There’s a ton of lefty outrage tonight over this story in The Hill on how the Trump administration hates old people in nursing homes, or something:

Except this Obama rule, which allows patients and families to sue nursing homes in court rather than arbitration, was not even put in place until September 2016:

Note the “quietly” part. Maybe that’s because Obama knew at the time that it wasn’t even legal? From The Hill:

The American Health Care Association (AHCA) and a group of nursing homes had sued CMS and the Department of Health and Human Services in October, claiming that the rule violated the Federal Arbitration Act, and that the agencies had overstepped their statutory authority in issuing the law. The AHCA said Congress has repeatedly rejected legislation to invalidate arbitration agreements.

The Trump administration didn’t so much as end the rule as it is currently working with the plaintiffs to come up with a compromise solution:

Under its proposed revisions, CMS said nursing homes would be required to write the arbitration agreements in plain language and explain the agreement to the prospective resident or his or her representative. Residents would also be required to acknowledge they understand the agreement.

The U.S. Chamber of Commerce is also backing the rule change. The nation’s leading business group fought back against the original rule, claiming that restricting arbitration would raise the cost of nursing home care and make it harder, and more costly, for residents to resolve disputes.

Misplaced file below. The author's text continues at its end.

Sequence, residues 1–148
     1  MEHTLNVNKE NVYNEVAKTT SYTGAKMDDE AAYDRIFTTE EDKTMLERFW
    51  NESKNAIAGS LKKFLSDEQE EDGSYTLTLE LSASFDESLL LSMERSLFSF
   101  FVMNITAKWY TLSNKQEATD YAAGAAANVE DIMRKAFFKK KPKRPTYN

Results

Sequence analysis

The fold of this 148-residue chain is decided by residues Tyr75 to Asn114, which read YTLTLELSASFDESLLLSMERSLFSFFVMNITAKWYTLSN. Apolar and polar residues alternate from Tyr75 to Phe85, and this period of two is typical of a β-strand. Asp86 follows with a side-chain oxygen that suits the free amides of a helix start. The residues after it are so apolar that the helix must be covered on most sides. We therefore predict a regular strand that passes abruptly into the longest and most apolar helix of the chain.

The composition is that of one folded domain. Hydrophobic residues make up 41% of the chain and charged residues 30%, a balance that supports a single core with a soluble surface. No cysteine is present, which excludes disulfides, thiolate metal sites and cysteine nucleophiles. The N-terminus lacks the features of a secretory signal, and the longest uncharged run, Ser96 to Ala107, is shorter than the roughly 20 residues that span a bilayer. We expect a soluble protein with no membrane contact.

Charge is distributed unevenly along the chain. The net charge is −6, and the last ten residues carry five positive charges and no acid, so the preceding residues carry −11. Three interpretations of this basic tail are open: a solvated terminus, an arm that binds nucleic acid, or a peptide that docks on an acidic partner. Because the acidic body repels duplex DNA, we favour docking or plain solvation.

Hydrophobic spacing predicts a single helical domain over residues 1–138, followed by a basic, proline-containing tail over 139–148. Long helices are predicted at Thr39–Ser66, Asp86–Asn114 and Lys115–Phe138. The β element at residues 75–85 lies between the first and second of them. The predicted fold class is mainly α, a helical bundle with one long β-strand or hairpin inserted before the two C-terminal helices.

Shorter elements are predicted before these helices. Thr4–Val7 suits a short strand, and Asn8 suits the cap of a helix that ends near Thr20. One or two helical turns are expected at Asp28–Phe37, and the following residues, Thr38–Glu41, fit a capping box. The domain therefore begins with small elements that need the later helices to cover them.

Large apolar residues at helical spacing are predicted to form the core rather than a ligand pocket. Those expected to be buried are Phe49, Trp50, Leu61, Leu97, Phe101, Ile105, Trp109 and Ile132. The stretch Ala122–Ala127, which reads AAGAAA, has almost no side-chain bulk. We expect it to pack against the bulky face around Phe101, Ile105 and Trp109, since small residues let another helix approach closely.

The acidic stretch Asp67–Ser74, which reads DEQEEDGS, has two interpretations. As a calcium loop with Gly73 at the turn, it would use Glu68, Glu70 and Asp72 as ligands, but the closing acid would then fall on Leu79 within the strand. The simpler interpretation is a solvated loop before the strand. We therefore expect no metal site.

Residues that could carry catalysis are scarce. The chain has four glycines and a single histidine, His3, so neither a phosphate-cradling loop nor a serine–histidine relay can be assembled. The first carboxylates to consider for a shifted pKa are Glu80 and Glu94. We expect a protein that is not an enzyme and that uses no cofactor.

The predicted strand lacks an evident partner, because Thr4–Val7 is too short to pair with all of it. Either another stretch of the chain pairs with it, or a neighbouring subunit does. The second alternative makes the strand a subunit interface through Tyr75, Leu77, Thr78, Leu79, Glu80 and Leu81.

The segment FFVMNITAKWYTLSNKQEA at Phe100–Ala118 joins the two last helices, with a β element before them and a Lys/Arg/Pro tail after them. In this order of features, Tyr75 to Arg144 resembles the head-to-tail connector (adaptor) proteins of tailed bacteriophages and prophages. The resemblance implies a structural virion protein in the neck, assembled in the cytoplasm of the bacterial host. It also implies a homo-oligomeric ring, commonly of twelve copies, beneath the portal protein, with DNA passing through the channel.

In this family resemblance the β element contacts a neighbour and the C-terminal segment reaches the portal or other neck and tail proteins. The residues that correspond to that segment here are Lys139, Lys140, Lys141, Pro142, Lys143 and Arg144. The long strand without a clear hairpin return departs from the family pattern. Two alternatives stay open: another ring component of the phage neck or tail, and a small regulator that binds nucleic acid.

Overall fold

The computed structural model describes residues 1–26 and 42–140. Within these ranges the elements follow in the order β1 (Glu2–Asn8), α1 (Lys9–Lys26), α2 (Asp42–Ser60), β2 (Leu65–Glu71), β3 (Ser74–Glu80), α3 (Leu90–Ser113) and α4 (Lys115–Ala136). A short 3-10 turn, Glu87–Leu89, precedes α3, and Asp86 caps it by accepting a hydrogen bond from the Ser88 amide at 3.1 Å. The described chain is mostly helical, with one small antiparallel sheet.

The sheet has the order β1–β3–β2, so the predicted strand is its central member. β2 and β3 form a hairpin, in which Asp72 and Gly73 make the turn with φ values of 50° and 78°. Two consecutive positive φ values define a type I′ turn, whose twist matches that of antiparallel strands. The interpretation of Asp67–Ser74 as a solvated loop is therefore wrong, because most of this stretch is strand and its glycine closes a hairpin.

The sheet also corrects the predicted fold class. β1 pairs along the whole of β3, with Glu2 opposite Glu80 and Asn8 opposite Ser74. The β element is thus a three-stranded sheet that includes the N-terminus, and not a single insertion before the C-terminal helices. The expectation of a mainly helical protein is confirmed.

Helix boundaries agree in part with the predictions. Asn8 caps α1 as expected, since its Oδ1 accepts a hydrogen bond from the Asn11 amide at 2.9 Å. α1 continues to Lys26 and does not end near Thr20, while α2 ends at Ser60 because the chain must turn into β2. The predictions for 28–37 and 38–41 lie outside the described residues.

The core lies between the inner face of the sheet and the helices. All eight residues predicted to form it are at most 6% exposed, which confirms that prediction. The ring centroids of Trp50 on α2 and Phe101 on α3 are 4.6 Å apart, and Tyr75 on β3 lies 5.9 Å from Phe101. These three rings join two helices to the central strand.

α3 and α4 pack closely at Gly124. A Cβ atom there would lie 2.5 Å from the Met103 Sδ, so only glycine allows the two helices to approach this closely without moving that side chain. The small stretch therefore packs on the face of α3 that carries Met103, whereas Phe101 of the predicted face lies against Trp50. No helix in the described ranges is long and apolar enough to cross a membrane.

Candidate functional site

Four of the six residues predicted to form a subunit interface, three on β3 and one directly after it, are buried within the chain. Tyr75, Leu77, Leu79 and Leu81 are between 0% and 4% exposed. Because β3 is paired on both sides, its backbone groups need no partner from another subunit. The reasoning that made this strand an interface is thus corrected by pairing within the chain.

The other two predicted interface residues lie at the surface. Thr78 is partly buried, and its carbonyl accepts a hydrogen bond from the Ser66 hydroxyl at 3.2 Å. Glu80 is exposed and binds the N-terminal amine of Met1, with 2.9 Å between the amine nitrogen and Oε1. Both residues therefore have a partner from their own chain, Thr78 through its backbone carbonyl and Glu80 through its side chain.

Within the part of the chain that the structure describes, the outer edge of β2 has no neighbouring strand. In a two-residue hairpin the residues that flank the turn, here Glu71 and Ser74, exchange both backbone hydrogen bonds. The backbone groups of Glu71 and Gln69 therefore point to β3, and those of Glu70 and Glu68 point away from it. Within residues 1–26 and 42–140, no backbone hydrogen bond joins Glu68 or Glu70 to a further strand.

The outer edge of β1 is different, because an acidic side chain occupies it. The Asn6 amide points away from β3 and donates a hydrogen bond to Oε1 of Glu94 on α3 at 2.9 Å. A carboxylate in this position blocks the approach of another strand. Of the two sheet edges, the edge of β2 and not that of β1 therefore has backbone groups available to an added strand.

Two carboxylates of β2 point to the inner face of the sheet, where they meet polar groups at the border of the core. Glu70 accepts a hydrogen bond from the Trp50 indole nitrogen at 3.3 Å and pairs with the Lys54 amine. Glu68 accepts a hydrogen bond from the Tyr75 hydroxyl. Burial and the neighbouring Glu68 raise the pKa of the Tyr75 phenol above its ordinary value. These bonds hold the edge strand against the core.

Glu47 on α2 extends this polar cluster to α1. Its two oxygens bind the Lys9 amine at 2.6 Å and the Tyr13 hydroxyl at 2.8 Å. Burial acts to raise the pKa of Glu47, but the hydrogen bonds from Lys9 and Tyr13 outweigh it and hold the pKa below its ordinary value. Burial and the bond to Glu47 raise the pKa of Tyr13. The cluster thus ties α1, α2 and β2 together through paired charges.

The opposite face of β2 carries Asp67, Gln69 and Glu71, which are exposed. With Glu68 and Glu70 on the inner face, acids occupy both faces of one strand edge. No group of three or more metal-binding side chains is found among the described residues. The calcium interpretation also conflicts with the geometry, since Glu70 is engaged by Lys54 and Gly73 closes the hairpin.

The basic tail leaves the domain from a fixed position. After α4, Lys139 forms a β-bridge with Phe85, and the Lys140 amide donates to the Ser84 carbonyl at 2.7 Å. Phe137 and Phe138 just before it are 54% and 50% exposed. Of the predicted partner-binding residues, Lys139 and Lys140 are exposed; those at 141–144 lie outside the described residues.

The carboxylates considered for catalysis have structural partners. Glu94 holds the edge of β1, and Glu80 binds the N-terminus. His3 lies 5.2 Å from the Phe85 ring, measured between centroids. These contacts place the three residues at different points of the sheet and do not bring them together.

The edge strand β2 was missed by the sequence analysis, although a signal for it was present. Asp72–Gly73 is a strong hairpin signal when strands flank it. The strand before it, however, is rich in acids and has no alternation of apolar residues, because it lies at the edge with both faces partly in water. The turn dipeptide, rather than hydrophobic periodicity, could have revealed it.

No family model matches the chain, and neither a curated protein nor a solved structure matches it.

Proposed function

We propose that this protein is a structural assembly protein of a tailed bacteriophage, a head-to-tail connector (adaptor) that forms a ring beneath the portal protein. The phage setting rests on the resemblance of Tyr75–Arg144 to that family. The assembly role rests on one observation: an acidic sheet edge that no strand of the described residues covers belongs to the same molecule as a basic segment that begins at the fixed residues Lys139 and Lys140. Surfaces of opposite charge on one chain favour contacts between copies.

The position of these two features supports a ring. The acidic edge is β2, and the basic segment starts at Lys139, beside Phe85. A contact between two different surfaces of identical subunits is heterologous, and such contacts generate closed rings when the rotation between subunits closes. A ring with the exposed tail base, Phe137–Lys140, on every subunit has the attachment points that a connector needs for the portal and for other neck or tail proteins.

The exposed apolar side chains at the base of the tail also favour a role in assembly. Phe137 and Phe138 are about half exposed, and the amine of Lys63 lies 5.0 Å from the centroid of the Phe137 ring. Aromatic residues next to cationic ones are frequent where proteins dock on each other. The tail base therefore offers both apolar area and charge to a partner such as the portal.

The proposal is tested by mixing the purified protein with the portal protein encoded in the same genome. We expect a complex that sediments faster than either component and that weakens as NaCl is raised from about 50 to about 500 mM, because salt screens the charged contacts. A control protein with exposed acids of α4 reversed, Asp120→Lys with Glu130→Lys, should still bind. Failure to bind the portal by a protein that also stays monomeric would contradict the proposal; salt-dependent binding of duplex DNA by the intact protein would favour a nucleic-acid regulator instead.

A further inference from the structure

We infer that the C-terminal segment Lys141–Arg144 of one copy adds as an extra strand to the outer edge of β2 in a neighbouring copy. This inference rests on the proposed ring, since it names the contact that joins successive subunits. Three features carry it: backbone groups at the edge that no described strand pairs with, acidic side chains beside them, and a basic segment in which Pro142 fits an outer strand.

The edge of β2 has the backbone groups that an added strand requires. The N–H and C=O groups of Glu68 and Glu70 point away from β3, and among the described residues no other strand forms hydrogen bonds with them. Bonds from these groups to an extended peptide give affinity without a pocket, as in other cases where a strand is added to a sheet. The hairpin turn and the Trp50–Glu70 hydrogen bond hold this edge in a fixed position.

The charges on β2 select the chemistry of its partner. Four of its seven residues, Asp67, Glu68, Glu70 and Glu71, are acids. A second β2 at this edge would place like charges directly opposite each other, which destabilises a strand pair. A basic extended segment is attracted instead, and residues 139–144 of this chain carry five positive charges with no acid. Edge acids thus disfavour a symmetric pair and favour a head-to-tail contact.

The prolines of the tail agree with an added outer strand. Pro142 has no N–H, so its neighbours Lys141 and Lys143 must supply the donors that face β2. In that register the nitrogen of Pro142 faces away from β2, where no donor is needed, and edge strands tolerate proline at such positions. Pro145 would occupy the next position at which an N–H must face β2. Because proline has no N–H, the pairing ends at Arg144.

“For many individual disputes, litigation in court is simply impractical. Litigation in court is procedurally complex, which means that non-lawyers need legal representation to have any hope of successfully navigating the system,” the chamber said in 2015 comments to the agency it provided The Hill.

So the Trump administration is reviewing a change that the Obama administration snuck in at the last second and which was immediately challenged in courts because it wasn’t legal, but you guys keep doing your thing:

Even Rep. Ted Lieu go in on the act. Who wants to tell him that it’s Congress’ responsibility to fix the law if he doesn’t like it?

If you don’t like the law, Congress needs to act. That’s how it works.



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